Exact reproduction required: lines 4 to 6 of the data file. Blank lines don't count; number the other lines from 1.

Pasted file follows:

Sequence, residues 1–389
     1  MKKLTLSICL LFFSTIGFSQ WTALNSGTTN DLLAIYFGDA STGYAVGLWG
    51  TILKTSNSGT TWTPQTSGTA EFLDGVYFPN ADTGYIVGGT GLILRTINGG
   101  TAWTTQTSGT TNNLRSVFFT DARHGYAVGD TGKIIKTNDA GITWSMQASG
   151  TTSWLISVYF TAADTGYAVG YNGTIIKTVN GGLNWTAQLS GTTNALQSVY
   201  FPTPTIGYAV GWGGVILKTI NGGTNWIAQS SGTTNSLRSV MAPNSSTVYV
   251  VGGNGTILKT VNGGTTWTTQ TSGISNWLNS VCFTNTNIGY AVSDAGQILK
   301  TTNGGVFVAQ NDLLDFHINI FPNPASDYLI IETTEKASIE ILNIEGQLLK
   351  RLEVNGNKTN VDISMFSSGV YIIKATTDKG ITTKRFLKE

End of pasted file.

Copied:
   101  TAWTTQTSGT TNNLRSVFFT DARHGYAVGD TGKIIKTNDA GITWSMQASG
   151  TTSWLISVYF TAADTGYAVG YNGTIIKTVN GGLNWTAQLS GTTNALQSVY
   201  FPTPTIGYAV GWGGVILKTI NGGTNWIAQS SGTTNSLRSV MAPNSSTVYV